The following is guest post by Allison Buchalter, Vice President of Involvement at Thread.
Thread engages underperforming high school students confronting significant barriers outside of the classroom by providing each one with a family of committed volunteers and increased access to community resources.
Often what divides us is our inability to see ourselves in one another, to understand that our capacity to thrive is tied up in our neighbor’s capacity to thrive. I feel fortunate to work for Thread, an organization that understands and embraces this interconnectedness. We are founded on the principle that strong interpersonal relationships, based on differences, strengthen communities. We bring together people from across our city and encourage them to learn and grow together with the hope that they will begin to see themselves in one another by recognizing and appreciating similarities while also understanding and accepting differences. We are trying to create a new social fabric that unites, rather than divides, in a city where we are arguably now more segregated than ever before and are struggling to meet the needs of all our residents.
My colleagues and I work with academically underperforming high school students in inner city schools who face a plethora of personal obstacles outside of the classroom. We surround them with volunteers who are committed to helping them navigate high school and the world beyond. Some might view us as an organization focused on test scores, graduation rates, and college acceptance. In reality, we are focused on relationship building. Our goal is to bring together people who don’t live near one another, look like each other, share the same daily routines and realistically would rarely cross paths in any given month. By getting to know each other in meaningful ways – sharing our dreams and fears, inviting each other into our homes, meeting our families, and purposefully integrating our lives — we are breaking down barriers that have existed for decades. Many of these obstacles were put in place for the explicit purpose of creating two communities that don’t coexist. And yet, the health, success, and the future of our city depend on the coming together of all communities and individuals to support one another.
One of the many differences among individuals within our community is religion. Where and how people worship, as well as how religion defines who they are and how they navigate the world, can easily impact any relationship. A willingness to see beyond your own beliefs and biases and learn about someone else’s traditions and values is paramount to healing the split that leads to fear, mistrust, and division. At my organization, we use differences like religion, race, and socioeconomic status to learn and grow from each other instead of hiding and creating another excuse to dismiss people.
As an individual, I have used the tenets of my religion to answer the call for social justice. In the Old Testament, G-d asks, “Where are you?” to Abraham, Isaac, Joseph, Jacob, Moses, and Adam at different times in the text. In only eight instances do some, but not all of these men, respond “Hineini” or “Here I Am.” This specific language is important. In each instance, these individuals are not just reporting their presence, but rather making it clear that they are fully present and ready. Hineini is the acceptance of a charge. It’s their recognition that they are being asked to do something bold, powerful and difficult. Aryeh Cohen refers to Hineini as, “the moment of crossing the line, of making the decision, of claiming the path.” It is the willingness to be drawn to action for a purpose beyond one’s self.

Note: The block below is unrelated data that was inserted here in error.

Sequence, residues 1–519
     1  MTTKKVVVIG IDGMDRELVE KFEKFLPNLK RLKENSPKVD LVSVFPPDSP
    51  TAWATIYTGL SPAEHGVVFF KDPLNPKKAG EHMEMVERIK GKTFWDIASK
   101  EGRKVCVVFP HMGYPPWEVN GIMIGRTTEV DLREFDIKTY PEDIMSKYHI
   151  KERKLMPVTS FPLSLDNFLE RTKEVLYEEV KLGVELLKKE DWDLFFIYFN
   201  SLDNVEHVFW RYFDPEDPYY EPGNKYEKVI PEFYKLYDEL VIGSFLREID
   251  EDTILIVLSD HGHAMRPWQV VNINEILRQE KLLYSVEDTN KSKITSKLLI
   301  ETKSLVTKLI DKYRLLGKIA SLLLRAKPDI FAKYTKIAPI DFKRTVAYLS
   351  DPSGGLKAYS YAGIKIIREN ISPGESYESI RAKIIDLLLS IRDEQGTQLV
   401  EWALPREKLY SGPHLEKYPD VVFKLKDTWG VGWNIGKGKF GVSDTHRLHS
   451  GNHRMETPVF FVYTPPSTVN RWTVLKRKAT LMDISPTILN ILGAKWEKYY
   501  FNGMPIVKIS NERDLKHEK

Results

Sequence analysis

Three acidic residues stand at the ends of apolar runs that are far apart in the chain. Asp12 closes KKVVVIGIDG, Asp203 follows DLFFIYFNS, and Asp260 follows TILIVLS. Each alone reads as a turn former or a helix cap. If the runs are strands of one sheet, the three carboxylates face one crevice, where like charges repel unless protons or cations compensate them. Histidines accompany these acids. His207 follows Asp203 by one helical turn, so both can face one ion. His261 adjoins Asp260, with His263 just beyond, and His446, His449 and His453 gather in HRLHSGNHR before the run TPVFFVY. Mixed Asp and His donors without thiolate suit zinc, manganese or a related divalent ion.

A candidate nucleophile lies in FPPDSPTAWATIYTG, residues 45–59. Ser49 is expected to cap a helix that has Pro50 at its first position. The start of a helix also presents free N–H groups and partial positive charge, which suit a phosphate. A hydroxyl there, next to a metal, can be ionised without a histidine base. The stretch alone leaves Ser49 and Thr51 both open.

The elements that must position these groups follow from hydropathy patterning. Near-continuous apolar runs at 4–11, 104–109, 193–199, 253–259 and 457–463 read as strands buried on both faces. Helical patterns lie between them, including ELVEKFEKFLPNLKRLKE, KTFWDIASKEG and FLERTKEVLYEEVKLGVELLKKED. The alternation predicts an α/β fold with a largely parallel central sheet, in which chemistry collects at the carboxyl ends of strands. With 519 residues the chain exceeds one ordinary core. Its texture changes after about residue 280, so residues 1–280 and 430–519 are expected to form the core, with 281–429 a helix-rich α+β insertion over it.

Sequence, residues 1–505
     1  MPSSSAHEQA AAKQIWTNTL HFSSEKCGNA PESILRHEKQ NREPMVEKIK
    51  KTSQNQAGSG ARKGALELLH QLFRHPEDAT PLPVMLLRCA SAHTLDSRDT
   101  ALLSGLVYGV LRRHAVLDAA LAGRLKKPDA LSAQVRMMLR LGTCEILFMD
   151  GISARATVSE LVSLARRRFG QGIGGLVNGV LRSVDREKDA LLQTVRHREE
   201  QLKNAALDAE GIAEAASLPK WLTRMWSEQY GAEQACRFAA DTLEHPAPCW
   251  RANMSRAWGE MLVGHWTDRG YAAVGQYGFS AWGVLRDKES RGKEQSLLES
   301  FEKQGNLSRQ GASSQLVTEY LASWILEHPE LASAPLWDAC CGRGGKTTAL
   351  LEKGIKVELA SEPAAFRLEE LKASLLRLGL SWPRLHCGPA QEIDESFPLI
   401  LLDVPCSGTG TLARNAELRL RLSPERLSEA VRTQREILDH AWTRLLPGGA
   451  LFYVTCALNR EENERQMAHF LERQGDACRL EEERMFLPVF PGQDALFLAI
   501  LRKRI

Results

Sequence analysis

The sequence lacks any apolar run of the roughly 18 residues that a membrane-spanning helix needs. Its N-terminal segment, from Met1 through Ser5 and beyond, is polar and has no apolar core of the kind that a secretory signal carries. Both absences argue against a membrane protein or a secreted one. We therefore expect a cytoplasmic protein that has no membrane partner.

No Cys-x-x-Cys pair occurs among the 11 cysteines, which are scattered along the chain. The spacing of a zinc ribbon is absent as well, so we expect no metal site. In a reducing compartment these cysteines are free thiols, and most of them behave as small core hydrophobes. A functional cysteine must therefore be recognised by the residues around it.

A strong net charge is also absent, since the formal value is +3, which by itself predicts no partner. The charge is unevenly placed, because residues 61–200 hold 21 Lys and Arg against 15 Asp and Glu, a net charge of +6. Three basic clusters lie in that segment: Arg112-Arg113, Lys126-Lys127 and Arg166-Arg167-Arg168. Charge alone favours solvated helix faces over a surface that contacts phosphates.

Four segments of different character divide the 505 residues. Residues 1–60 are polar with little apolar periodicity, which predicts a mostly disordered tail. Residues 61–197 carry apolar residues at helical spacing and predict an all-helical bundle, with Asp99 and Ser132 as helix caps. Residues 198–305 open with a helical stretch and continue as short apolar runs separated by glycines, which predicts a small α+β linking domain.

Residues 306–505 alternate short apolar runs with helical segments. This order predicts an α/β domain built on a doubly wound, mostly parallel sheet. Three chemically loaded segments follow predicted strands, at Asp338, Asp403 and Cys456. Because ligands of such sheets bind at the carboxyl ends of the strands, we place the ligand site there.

In our everyday lives, there are many possible Hineini moments. The call, “Where are you?” can come from a friend, a family member, or even a stranger. And sometimes, it comes from an entire community; a community that has been marginalized and often times forgotten. In Baltimore, the call comes every day. It comes from children and adults who are hungry, cold, and frustrated. But who is listening? Who is there to answer? Who is there to respond, “Hineini – Here I am.”?
Each of us must make the difficult choice – to respond or to ignore. We must be honest with ourselves and decide if we are willing to accept the words we hear, even if they push our limitations and challenge us to grow in ways that cause discomfort.
As a Jew, here I am. As a human being, here I am. As a member of my community, here I am. At Thread, we are all here. Our ears and our hearts are open. We have heard the call and are willing to stand up and take action. It is not always easy and we are sometimes unsuccessful, but we are willing to fail in order to learn. We are guided by endless hope as we try to break down barriers, unite our city and offer people greater possibilities.
Hineini. Here I am. Are you with me?
The ICJS Entrepreneurs Lunchtime Series (ELS) brings together local entrepreneurial leaders to discuss the role that religion and ethics can play in building healthy communities. In this initiative, the ICJS will contribute the perspectives of local Jews, Christians and Muslims to the public conversation about religion and ethics in Baltimore. Each contributor represents her or his own opinion. We welcome and lift up this diversity of perspectives.